If you don’t have to have time to sit down with a pen and notebook, then your writing time is limited. Or so I used to think. Now I write standing up while watering the garden, washing lettuce in the sink, or walking down the street to the gym.
Much of writing for me -- especially the first stage -- is taking notes about my feelings and observing what is happening. The way the peaches are bending the branches down, or how the storm strew leaves over the driveway. The coin-in-a-tissue magic trick my daughter performed for dinner guests, or the doodads and Valentines I made her clear off her dresser before the last day of school. The evanescent moments of everyday life that, when I am motoring ahead, seem to disappear behind me like fumes.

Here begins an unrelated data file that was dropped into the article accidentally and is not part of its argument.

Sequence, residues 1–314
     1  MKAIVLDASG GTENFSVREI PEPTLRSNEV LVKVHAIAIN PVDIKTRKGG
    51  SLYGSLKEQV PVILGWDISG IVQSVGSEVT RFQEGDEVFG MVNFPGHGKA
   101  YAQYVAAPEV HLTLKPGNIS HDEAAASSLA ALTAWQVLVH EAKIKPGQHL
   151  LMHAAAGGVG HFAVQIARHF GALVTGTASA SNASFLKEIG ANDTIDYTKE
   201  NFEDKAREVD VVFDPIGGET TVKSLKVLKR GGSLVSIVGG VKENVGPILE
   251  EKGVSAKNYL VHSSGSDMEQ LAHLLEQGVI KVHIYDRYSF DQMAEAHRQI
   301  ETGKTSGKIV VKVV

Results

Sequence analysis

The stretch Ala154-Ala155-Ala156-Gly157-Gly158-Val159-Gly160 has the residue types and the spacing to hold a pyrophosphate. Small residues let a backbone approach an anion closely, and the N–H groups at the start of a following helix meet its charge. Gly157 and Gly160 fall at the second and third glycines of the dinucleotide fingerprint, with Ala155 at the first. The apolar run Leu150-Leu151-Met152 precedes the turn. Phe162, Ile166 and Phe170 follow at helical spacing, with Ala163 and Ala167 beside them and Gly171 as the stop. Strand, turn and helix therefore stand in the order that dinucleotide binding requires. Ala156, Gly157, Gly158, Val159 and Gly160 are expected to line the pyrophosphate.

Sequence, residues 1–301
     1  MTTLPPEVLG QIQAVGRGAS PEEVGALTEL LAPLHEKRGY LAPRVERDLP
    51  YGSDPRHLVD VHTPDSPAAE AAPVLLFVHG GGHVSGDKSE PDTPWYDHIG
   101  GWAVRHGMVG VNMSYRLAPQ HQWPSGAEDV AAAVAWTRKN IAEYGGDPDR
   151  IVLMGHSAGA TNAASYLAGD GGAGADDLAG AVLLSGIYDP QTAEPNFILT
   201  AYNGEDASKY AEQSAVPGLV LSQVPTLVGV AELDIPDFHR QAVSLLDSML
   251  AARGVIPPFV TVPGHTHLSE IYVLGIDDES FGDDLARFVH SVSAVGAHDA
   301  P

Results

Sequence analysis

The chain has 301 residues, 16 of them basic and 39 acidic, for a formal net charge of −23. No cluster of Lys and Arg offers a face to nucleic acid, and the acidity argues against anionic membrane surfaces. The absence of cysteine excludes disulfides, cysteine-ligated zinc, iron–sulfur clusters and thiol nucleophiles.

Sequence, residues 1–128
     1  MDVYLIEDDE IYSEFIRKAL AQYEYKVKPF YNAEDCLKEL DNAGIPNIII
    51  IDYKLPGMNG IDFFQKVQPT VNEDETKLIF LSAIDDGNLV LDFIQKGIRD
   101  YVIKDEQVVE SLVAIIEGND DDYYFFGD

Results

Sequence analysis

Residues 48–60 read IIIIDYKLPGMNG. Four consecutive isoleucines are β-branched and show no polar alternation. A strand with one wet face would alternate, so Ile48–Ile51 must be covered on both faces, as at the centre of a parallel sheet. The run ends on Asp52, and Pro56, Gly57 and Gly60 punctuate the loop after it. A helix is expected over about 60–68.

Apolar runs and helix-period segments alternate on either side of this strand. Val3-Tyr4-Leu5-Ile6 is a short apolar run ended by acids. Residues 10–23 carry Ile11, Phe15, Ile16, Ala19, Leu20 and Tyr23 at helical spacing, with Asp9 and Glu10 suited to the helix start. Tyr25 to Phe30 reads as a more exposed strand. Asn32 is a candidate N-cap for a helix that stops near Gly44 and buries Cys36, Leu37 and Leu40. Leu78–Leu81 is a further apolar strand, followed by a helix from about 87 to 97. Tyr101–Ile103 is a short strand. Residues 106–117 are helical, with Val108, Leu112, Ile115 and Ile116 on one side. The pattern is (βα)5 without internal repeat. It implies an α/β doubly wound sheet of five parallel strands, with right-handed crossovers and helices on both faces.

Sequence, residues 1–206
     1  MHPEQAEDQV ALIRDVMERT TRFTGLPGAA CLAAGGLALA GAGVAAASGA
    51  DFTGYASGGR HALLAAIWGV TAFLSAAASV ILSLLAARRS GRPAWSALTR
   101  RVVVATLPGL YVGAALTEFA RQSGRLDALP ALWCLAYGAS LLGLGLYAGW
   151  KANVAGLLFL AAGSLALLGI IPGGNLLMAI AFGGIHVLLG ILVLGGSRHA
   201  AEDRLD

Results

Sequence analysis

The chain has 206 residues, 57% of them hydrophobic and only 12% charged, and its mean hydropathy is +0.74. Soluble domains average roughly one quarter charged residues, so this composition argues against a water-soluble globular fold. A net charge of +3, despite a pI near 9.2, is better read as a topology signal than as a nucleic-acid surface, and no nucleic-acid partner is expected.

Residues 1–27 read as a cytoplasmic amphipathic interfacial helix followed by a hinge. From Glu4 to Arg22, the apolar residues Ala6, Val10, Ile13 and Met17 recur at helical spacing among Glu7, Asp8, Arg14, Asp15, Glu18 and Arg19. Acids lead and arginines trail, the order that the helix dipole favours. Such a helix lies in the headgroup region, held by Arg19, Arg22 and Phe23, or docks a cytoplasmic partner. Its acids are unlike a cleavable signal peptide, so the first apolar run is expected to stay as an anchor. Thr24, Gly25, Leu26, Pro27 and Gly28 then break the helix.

When I first discovered writing by dictating, I recorded voice memos thinking I would find another app to transcribe them. But with speech-to-text technology embedded in all sorts of programs like Scrivener, Word, Pages, and Google Docs, I realized the software I already use could type while I speak. Now I dictate into the Notes app on my iPhone, and after one month I have amassed 55 pages of journal entries.
Without this new habit, I would probably have zero. Late May and June have been criss-crossed with year-end events, volunteering, parties, and writing and work deadlines, and some days the only quiet time I had was while folding a load of laundry.
I still like pressing a pen against paper, leaning my Decomposition notebook against my leg, and hearing the sound of the nib laying down black lines. These moments of stillness with my journal are even more delicious. But during busy times, I’m grateful for the technology that allows me to document life as it's exuberantly unfolding.